Fundamental vs Derived Quantities
Experimentation is a core aspect of physics and other physical sciences. Theories and other hypothesis are verified and established as scientific truth by means of experiments conducted. Measurements are an integral part of experiments, where the magnitudes of and the relations amongst different physical quantities are used to verify the truth of the theory or hypothesis tested.
There are very common set of physical quantities that are often measured in physics. These quantities are considered as fundamental quantities by convention. Using the measurements for these quantities and the relations amongst them, other physical quantities can be derived. These quantities are known as derived physical quantities.
Fundamental Quantities
A set of fundamental units are defined in every units system, and the corresponding physical quantities are called the fundamental quantities. Fundamental units are independently defined, and often the quantities are directly measurable in a physical system.
In general, a system of units requires three mechanical units (mass, length, and time). One electrical unit is also required. Even though above set of units may suffice, for convenience few other physical units are considered fundamental. c.g.s (centimetergramsecond), m.k.s (meterkilogram second), and f.p.s (feetpoundsecond) are formerly used systems with fundamental units.
SI unit system has replaced much of the older units systems. In the SI system of units, by definition, following seven physical quantities are considered as fundamental physical quantities and their units as fundamental physical units.
Quantity 
Unit 
Symbol 
Dimensions 
Length 
Meter 
m 
L 
Mass 
Kilogram 
kg 
M 
Time 
Seconds 
s 
T 
Electric Current 
Ampère 
A 

Thermodynamic Temp. 
Kelvin 
K 

Amount of Substance 
Mole 
mol 

Luminous intensity 
Candela 
cd 

Derived Quantities
Derived quantities are formed by product of powers of fundamental units. In other words, these quantities can be derived using fundamental units. These units are not defined independently; they depend on the definition of other units. Quantities attached to derived units are called derived quantities.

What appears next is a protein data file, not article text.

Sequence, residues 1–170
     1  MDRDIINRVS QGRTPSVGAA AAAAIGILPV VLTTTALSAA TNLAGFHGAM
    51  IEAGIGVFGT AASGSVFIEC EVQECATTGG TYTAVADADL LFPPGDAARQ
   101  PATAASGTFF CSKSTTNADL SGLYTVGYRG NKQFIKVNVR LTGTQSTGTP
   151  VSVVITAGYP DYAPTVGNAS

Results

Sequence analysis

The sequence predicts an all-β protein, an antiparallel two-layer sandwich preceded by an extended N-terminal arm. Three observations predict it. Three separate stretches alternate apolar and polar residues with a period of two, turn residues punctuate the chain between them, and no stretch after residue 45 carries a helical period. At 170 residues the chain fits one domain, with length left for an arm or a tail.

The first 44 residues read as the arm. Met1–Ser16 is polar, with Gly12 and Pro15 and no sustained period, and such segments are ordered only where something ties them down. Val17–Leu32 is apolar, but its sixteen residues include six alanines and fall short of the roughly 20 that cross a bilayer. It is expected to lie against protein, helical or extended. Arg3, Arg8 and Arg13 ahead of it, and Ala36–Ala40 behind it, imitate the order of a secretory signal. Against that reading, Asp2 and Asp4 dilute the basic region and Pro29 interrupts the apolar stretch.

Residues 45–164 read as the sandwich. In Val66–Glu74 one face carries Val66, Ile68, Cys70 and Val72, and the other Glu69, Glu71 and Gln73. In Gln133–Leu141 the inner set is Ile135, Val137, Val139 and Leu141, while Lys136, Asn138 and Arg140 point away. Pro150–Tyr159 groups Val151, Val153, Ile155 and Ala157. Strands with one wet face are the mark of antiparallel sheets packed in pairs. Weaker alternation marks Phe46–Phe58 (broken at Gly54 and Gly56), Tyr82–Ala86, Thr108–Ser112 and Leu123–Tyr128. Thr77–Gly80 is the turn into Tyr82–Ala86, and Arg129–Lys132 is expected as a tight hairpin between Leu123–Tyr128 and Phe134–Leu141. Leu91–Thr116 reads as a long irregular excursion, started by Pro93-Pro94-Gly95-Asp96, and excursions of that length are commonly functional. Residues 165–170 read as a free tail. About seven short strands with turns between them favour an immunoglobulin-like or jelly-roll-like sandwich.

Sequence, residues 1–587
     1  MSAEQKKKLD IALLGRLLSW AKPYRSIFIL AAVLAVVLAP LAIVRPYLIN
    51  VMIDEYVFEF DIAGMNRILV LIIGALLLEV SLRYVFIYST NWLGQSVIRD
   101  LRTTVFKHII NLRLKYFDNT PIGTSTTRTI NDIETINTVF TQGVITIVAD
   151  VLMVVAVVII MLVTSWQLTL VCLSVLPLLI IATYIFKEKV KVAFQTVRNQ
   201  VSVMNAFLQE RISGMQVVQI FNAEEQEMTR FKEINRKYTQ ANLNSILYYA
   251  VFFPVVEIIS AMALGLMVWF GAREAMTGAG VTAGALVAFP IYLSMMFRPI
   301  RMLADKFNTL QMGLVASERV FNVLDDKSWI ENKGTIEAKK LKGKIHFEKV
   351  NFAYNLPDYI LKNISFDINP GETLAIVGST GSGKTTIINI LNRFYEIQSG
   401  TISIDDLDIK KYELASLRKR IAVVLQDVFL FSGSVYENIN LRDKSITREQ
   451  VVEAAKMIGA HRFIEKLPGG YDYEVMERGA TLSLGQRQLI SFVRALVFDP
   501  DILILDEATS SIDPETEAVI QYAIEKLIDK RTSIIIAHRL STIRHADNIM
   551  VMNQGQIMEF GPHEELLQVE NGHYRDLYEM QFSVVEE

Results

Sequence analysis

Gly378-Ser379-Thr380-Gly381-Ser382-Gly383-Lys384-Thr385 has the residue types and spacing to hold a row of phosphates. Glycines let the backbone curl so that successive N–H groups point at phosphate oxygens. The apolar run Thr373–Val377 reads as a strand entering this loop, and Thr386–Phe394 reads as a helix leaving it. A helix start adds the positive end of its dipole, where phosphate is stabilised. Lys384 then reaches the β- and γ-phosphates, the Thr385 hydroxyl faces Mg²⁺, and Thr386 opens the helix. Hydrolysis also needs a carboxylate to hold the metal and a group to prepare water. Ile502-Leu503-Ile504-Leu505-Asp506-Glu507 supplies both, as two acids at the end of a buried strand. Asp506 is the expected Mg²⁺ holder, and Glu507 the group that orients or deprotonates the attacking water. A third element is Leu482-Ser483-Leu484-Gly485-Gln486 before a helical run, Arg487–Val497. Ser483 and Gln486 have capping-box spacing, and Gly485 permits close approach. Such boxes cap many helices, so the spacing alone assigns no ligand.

For example, consider the vector quantity of speed. By measuring the distance traveled by an object and the time taken, the average speed of the object can be determined. Therefore, speed is a derived quantity. Electric charge is also a derived quantity where it is given by the product of current flow and time taken. Each derived quantity has derived units. Derived quantities can be formed.
Physical Quantity 
Unit 
Symbol 

plane angle 
Radian ^{(a)} 
rad 
– 
m·m^{1 }= 1 ^{(b)} 
solid angle 
Steradian ^{(a)} 
sr ^{(c)} 
– 
m^{2}·m^{2 }= 1 ^{(b)} 
frequency 
Hertz 
Hz 
– 
s^{1} 
force 
Newton 
N 
– 
m·kg·s^{2} 
pressure, stress 
Pascal 
Pa 
N/m^{2} 
m^{1}·kg·s^{2} 
energy, work, quantity of heat 
Joule 
J 
N·m 
m^{2}·kg·s^{2} 
power, radiant flux 
Watt 
W 
J/s 
m^{2}·kg·s^{3} 
electric charge, quantity of electricity 
Coulomb 
C 
– 
A·s 
electric potential difference, 
Volt 
V 
W/A 
m^{2}·kg·s^{3}·A^{1} 
capacitance 
Farad 
F 
C/V 
m^{2}·kg^{1}·s^{4}·A^{2} 
electric resistance 
Ohm 
V/A 
m^{2}·kg·s^{3}·A^{2} 

electric conductance 
Siemens 
S 
A/V 
m^{2}·kg^{1}·s^{3}·A^{2} 
magnetic flux 
Weber 
Wb 
V·s 
m^{2}·kg·s^{2}·A^{1} 
magnetic flux density 
Tesla 
T 
Wb/m^{2} 
kg·s^{2}·A^{1} 
inductance 
Henry 
H 
Wb/A 
m^{2}·kg·s^{2}·A^{2} 
Celsius temperature 
Degree Celsius 
°C 
– 
K 
luminous flux 
Lumen 
lm 
cd·sr ^{(c)} 
m^{2}·m^{2}·cd = cd 
illuminance 
Lux 
lx 
lm/m^{2} 
m^{2}·m^{4}·cd = m^{2}·cd 
activity (of a radionuclide) 
Becquerel 
Bq 
– 
s^{1} 
absorbed dose, specific energy (imparted), kerma 
Gray 
Gy 
J/kg 
m^{2}·s^{2} 
dose equivalent ^{(d)} 
Sievert 
Sv 
J/kg 
m^{2}·s^{2} 
catalytic activity 
Katal 
kat 
s^{1}·mol 
What is the difference between Fundamental and Derived Quantities?
• Fundamental quantities are the base quantities of a unit system, and they are defined independent of the other quantities.
• Derived quantities are based on fundamental quantities, and they can be given in terms of fundamental quantities.
• In SI units, derived units are often given names of people such as Newton and Joule.
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